He was talking to – yea, grilling in his own Greek way – that paragon of America’s economic success to whom truth, vision and infinite perspective have been given – Mitt Romney. Mitt – the entire Republican Party’s official nominee for the office of President of the United States no less.

They were earnestly discussing a subject close to my heart all these decades. And this was to be the defining moment. The moment when all of life’s work would be substantiated by someone really successful. A voice to validate from his lofty economic perch the hard work of all of us who’ve spent a lifetime in the trenches – to give a realistic sense of middle class accomplishment for those of us who’ve been striving just to have a garage of our own – much less one with an two-car elevator.

Breathlessly, I listened as Mitt said “No one can say my (tax) plan is going to raise taxes on middle-income people because principle number one is to keep the burden down on middle-income taxpayers.”

“HOORAY,” I shouted! “HOORAY for Mitt. He understands America’s middle class. He’ll take the necessary steps to protect us. In his heart, he knows feelings of lifetime accomplishment and wants to protect me. Me!”

But George wasn’t satisfied. He wanted more. He wanted the truth!

“Is $100,000 middle-income?”

There was calm. Absolute calm. Then, with an air of someone who’s been enormously successful and a tone of voice just hinting at the warmth of a banker’s heart, Mitt replied “No, middle-income is $200,000 to $250,000.”

That did it! My heart sank. A sense of misplaced accomplishment drained from my elderly body. I had just found out I was not middle class at all. That, in reality, after a life of striving and sacrifice, I was below the poverty line. Oh, what have I done? Where did I go wrong?

Suddenly, it all came crashing back. Just as Mitt had said. I had NOT asked my parents for college money. I had NOT thought of General Motors and other corporations as “people.” My wife did NOT have “a couple of Cadillac’s” like other wives. We did NOT have four homes. I did NOT put my money in foreign banks. At least I don’t think so. (more…)

Washington’s job picture

carlson
NW Reading

From a report out today from the Washington Employment Security Department.

Washington’s construction industry led all sectors in employment gains in August, with a seasonally adjusted estimate of 1,900 jobs, contributing to a net gain of 3,900 construction jobs since August 2011.
These and other job estimates are detailed in the latest report from the state’s Employment Security Department. The preliminary, seasonally adjusted unemployment rate for August was 8.6 percent.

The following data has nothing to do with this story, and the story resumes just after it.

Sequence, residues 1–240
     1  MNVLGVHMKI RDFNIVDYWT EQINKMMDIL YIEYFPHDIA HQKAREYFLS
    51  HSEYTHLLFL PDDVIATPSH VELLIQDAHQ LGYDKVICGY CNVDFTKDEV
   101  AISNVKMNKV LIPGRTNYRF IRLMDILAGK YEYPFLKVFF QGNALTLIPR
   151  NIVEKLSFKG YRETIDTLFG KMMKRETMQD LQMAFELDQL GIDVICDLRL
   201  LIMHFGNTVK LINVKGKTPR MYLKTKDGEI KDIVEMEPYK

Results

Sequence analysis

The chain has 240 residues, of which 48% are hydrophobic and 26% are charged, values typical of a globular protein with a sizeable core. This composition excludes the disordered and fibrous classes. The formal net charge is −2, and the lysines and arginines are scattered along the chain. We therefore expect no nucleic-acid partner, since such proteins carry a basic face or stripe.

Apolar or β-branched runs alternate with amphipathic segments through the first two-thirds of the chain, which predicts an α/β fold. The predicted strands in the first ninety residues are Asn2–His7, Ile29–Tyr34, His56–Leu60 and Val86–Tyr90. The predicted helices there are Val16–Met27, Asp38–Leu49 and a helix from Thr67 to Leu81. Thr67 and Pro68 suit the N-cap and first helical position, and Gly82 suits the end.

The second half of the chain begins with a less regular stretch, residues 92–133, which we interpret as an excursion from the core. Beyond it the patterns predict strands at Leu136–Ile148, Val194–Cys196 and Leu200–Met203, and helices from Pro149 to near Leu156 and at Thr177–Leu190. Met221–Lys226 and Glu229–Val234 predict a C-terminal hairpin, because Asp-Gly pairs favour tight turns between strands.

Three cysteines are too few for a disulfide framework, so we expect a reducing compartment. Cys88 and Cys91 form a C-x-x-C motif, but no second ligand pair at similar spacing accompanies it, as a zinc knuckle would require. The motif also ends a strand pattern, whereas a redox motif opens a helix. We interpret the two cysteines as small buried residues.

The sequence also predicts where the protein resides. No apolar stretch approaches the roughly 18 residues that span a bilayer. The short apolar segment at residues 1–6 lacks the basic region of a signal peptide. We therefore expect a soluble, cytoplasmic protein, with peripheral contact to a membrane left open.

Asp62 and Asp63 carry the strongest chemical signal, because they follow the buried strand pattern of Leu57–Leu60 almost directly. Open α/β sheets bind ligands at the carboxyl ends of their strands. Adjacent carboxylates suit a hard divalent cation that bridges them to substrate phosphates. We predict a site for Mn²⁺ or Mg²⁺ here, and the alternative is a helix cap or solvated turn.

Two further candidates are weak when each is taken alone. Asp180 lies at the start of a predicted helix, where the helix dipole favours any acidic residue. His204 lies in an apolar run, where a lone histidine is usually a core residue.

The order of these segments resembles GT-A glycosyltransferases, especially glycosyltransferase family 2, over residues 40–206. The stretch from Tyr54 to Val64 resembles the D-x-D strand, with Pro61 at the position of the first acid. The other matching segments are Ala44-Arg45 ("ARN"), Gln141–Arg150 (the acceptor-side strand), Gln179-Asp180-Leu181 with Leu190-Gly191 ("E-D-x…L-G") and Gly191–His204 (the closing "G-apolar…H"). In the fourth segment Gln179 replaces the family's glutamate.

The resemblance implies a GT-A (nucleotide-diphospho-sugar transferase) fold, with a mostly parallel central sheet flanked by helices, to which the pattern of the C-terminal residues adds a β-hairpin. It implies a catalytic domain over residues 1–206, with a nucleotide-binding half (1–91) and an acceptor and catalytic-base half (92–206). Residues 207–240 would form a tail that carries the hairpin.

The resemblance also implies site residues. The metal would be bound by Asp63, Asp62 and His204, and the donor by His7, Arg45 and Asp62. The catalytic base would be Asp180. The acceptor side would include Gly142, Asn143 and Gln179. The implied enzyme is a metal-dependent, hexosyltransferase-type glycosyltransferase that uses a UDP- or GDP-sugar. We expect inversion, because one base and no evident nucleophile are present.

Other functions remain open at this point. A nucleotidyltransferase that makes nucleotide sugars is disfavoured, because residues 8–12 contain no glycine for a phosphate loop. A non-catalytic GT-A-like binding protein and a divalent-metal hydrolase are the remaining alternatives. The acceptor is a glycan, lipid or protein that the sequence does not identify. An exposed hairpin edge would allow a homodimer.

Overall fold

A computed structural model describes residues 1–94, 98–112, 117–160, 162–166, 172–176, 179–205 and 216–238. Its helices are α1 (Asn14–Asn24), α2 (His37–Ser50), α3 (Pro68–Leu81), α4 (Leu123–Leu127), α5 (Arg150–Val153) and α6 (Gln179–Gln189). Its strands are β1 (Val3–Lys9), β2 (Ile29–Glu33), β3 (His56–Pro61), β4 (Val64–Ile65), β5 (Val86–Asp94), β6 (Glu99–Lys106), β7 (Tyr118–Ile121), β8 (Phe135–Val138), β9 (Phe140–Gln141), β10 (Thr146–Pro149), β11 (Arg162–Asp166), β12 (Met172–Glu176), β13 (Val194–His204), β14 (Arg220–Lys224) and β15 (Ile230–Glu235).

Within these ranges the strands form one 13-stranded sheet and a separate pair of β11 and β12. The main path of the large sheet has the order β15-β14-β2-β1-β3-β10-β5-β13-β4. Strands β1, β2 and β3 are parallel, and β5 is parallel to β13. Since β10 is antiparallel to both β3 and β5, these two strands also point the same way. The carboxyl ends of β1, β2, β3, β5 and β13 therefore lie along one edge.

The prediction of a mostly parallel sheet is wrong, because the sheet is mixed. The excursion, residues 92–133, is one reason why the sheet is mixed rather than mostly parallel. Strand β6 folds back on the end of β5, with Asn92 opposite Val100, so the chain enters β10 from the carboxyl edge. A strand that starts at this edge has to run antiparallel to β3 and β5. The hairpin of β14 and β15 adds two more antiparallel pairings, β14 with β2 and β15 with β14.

For the second year in a row, the employment estimates for the leisure-and-hospitality industry and the wholesale-trade industry showed unusually large losses for August. They contributed to an estimated net loss of 1,100 nonfarm jobs across the state.

“Based on the raw data, jobs in these sectors didn’t change significantly,” said Joe Elling, chief labor economist for the state’s Employment Security Department. “The reported losses show up when the seasonal adjustments are applied.”

Economists seasonally adjust monthly job numbers and the unemployment rate to remove or discount normal seasonal variations, such as holiday hiring. If an industry adds more jobs or doesn’t eliminate as many jobs as expected based on past history, it shows up as a seasonally adjusted gain. Similarly, when jobs are cut deeper than expected in a given month, or if normal hiring doesn’t occur, that shows up as a job loss.
“It can take up to two or three years to determine when deviations from the seasonal norms are temporary or longer term,” said Elling.

In addition to construction, the industries with the most seasonally adjusted job gains in August were manufacturing, up 1,500 jobs; financial activities, up 1,200; education and health services, up 500; and government, with an estimated net gain of 300.

On the loss side, wholesale trade dropped an estimated 2,600 jobs; leisure and hospitality lost 2,300; retail trade shed 1,600 jobs; and professional and business services lost 200.

Within the government sector, federal employment in Washington grew by 1,800 jobs, state agencies lost an estimated 900 jobs, public higher education declined by 100 jobs, K-12 schools added 500, and local government lost 1,400.

In August, an estimated 301,700 people (seasonally adjusted) in Washington were unemployed and looking for work. That includes 129,676 who claimed unemployment benefits last month.

Also in August, 3,429 unemployed workers ran out of unemployment benefits, bringing the total to 108,669 since extended benefits were activated in July 2008.